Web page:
Friday, February 6th, 2015 at 11:24 AM
Even people without insomnia can have trouble getting a good night’s rest. Many things can interfere with restorative sleep – crazy work schedules, anxiety, trouble putting down the smartphone, even what you eat and drink.
The following three simple steps can help you sleep better.
Cut down on caffeine
Caffeine drinkers may find it harder to fall asleep than people who don’t drink caffeine. Once they drift off, their sleep is shorter and lighter. For some, a single cup of coffee in the morning means a sleepless night. That may be because caffeine blocks the effects of adenosine, a neurotransmitter thought to promote sleep. Caffeine can also interrupt sleep by increasing the need to urinate during the night.
People who suffer from insomnia should avoid caffeine as much as possible, since its effects can endure for many hours. Because caffeine withdrawal can cause headaches, irritability, and extreme fatigue, it may be easier to cut back gradually rather than go cold turkey. Those who can’t or don’t want to give up caffeine should avoid it after 2 p.m., or noon if they are especially caffeine-sensitive. Read the rest of this entry
Saturday, January 12th, 2013 at 12:10 PM
Sports Persons need to get proper sleep every day to ensure he or she is rested for athletic activity. A good night’s sleep is vital for recovering from an injury, increasing energy, and it can also help increase overall athletic performance. Better sleep is an essential element for a sportsperson to perform at his or her highest level. There are few basic essentials that sports-persons must ensure to get better sleep, which can improve his or her performance, and help him or her recover from injury.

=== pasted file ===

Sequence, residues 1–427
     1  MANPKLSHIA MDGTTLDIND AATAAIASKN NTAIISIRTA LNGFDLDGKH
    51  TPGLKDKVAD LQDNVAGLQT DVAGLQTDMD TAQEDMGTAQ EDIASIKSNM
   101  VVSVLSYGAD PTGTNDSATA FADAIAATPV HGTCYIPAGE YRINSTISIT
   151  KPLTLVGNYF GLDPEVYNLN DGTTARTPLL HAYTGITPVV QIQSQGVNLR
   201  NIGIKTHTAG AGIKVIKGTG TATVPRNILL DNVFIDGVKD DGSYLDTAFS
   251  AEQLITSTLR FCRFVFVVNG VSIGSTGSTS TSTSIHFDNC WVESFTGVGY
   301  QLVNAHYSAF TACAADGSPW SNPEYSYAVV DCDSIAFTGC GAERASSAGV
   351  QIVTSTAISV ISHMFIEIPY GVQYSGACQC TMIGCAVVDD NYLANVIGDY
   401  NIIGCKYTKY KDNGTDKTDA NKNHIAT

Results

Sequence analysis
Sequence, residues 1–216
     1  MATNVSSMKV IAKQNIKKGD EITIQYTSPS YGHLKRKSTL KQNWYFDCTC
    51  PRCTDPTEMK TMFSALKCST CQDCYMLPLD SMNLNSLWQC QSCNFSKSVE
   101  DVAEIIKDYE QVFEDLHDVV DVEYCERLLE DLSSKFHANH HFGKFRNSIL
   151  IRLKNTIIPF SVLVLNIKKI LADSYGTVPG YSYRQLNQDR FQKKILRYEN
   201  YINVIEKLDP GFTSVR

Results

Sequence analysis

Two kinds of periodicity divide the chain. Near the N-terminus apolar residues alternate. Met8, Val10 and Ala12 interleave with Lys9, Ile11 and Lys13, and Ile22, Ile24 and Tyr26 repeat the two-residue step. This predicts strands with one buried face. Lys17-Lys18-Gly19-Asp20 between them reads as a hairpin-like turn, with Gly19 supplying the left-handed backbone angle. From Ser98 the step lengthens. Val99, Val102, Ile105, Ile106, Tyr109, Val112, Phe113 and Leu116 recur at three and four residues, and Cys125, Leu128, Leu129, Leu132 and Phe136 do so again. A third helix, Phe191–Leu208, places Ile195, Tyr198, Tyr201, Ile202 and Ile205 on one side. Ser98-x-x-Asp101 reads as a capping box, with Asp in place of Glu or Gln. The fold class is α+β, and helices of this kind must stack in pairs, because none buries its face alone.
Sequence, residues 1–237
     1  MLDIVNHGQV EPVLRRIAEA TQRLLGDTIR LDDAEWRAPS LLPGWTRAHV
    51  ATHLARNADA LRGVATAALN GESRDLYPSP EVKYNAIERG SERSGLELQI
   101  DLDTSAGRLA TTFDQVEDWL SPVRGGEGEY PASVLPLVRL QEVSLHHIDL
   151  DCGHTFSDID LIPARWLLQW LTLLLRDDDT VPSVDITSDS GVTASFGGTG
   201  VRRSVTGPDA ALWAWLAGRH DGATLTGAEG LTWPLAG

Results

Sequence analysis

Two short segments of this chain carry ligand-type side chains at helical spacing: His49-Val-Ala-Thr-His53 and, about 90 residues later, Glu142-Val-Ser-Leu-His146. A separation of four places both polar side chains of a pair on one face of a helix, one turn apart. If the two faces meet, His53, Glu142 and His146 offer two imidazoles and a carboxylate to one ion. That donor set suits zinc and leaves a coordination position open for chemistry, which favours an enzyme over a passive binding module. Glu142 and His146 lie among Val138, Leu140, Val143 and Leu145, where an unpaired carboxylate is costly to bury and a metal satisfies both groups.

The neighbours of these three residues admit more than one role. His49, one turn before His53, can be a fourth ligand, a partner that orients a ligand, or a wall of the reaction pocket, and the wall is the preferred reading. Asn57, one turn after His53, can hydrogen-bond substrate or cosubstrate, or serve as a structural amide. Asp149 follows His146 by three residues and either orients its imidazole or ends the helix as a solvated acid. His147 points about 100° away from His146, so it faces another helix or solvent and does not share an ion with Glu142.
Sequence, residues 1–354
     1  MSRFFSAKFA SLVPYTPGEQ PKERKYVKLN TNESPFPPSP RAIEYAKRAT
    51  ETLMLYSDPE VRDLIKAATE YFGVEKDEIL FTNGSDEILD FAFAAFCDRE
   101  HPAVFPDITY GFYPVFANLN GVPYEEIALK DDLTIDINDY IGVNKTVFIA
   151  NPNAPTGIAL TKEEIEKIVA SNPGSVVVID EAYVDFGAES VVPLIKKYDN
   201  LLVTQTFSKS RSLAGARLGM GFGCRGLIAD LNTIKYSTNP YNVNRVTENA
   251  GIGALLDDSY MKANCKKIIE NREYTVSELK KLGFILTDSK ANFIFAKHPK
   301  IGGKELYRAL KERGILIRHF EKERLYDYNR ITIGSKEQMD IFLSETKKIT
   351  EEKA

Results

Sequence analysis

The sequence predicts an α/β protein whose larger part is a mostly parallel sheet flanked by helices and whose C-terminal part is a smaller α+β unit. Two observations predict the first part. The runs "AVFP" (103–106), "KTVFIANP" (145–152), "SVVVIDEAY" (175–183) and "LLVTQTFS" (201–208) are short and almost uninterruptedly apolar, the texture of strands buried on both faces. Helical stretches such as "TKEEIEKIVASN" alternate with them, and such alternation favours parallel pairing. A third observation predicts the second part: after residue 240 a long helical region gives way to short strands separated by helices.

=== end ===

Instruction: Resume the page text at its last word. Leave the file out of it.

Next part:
Sleeping and Waking up at Scheduled Time
Sports-persons must ensure that he or she is going to bed and wake up at the scheduled time every day. This process will help an athlete get back into his or her normal sleep cycle, and can help him or her feel more rested. An athlete will need to keep the same sleep cycle to help him or her feel energized, increase metabolism, and also prevent injuries. Not sticking to a scheduled sleep cycle could lead to serious injuries on the field. Read the rest of this entry
Tuesday, March 8th, 2011 at 10:29 PM
Americans are coping with sleepiness by drinking caffeine and taking regular naps. The average person on a weekday drinks about three 12 ounce caffeinated beverages, with little difference between age groups.
Napping is common in all age groups, but the two youngest groups reported slightly more napping during the week. More than half of generation Z’ers (53%) and generation Y’ers (52%) say they take at least one nap during the work week/school week compared to about four in ten generation X’ers (38%) and baby boomers (41%).
For the more than a quarter who say their schedules do not allow for adequate sleep, when asked to evaluate the day after getting inadequate sleep, more than eight in ten (85%) said that it affects their mood; almost three-quarters (72%) said it affects their family life or home responsibilities, and about two-thirds (68%) said it affects their social life. Read the rest of this entry
Monday, January 24th, 2011 at 3:33 PM
A research concluded recently with an objective to determine the cost-effectiveness of treatment with caffeine compared with placebo for sleep apnea of prematurity in infants with birth weights less than 1250 g, from birth through 18 to 21 months’ corrected age.
The researchers undertook a retrospective economic evaluation of the cost per survivor without neurodevelopmental impairment by using individual-patient data from the Caffeine for Sleep Apnea of Prematurity clinical trial (N = 1869). Read the rest of this entry